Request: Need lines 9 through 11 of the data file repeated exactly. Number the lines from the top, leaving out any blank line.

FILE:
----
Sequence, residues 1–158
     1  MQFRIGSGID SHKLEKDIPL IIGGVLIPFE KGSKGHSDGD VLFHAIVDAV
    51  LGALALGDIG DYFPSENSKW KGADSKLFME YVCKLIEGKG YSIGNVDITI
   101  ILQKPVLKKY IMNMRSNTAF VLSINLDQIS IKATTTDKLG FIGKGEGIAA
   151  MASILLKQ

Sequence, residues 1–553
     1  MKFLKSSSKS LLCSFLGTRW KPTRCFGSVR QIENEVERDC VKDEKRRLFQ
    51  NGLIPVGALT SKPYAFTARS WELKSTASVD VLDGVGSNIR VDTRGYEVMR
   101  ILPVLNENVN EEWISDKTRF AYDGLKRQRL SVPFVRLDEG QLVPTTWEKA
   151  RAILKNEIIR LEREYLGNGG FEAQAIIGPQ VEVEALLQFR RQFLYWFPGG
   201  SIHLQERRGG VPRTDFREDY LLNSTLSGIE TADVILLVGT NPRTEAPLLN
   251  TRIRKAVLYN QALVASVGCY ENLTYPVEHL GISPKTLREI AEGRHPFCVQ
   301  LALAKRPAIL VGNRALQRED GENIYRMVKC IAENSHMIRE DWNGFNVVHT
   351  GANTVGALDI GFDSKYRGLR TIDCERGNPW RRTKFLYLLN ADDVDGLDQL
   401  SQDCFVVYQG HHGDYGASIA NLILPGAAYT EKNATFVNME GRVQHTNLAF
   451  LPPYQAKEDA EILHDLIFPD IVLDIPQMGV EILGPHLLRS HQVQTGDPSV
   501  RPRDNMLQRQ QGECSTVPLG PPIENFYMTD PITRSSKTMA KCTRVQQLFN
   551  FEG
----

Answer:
   101  ILPVLNENVN EEWISDKTRF AYDGLKRQRL SVPFVRLDEG QLVPTTWEKA
   151  RAILKNEIIR LEREYLGNGG FEAQAIIGPQ VEVEALLQFR RQFLYWFPGG
   201  SIHLQERRGG VPRTDFREDY LLNSTLSGIE TADVILLVGT NPRTEAPLLN